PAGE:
At its core, What It’s Like to Be a Dog is Berns’ first-person account of his attempt to answer the question: Do animals experience emotions like people do? The science in the book—Berns provides primers on the evolution of the brain and its structure—is written for the lay reader, and it is what underlies the non-dog narratives that drive the story. These narratives revolve around Berns’ adventures tracking down and studying the brains of sea lions, dolphins, and the now-extinct thylacine, a tiger-like marsupial native to Australia.

What Berns finds, through the myriad imaging studies he performs, is that there are enough similarities in the architecture of human and animal brains to extrapolate that animals have feelings much like humans do. “Our results have shown,” he writes, “no matter which animal’s brain we examined, that if it has a cortex, the animal is very likely sentient, and that its subjective experience can be understood by degrees of similarity to ours.”

Ethical implications flow from Berns’ findings, and this is the territory in which he closes the book. If animals are indeed sentient, a rethinking of how we treat them in agriculture, in laboratories, in our homes, in our every encounter, is not simply long overdue, it is imperative.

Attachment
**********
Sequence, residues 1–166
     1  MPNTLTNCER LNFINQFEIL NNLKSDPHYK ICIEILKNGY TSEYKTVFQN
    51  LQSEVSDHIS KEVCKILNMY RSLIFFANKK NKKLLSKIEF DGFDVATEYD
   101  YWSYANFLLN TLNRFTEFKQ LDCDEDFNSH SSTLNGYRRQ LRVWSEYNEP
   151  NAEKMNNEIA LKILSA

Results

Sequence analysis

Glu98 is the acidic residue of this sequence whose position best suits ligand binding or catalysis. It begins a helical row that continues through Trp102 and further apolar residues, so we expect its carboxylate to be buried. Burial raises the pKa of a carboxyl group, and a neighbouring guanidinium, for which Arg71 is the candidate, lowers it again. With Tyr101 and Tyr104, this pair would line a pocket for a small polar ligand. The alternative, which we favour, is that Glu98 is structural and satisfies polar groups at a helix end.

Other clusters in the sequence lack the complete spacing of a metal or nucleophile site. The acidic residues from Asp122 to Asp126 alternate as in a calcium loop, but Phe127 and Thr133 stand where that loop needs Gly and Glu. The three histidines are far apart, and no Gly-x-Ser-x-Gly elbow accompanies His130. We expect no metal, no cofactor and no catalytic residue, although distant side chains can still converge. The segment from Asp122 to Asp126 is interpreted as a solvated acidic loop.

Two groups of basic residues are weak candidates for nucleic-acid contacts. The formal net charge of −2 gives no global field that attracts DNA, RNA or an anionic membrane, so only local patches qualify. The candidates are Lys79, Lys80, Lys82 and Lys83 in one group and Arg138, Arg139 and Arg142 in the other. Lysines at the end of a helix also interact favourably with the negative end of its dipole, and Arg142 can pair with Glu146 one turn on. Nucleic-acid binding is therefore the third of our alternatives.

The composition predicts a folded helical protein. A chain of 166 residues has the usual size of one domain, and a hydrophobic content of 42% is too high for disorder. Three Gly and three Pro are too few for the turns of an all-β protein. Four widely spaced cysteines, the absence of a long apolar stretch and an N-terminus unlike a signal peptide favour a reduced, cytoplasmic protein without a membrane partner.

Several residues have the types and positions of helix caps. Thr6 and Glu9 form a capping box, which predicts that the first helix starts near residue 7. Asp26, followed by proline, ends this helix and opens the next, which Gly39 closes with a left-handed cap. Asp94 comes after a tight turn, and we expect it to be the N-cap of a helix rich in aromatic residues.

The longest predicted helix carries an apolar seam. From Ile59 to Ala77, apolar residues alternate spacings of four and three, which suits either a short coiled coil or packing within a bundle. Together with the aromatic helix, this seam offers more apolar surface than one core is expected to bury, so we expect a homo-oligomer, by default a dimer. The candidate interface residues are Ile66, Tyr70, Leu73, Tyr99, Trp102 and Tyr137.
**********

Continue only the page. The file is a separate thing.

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Book Review: Being a Dog: Following the Dog into a World of Smell

being-a-dogNo matter how quietly I screw off the cap on a jar of peanut butter, within seconds of its opening, I will feel my dog’s dark brown eyes drilling into me. I’m here, those eyes say. And I’m waiting. Waiting, that is, for a spoonful of her favorite treat.

If dogs can sniff out bombs and bedbugs, cancer and orca poop (more on that in a moment), I shouldn’t be surprised that Galen can sniff out peanut butter. And now, having just completed Alexandra Horowitz’s newest exploration of doghood, Being a Dog: Following the Dog into a World of Smell, my appreciation for a dog’s olfactory skills has grown tenfold.

Horowitz, a cognitive scientist who runs the Dog Cognition Lab at Barnard College and the author of Inside a Dog: What Dogs See, Smell, and Know, is an exceptional guide into the science of smell as it pertains to both dogs and humans. Inspired by her work at the lab and her own rescue dogs, Finnegan and Upton, Horowitz explores not just the physiology of the canine and human olfactory systems, but how both species use their noses to experience the world. As an explorer, Horowitz is a skilled investigator; as a writer her prose is clear and often poetic.

“Have you toured the dog nose?” she asks. “Ridden on a corkscrew of air into the dark vault, bumped along its curves, caught a breeze up to the chamber where a molecule will settle into the wetlands and begin to tickle the nerves to the brain?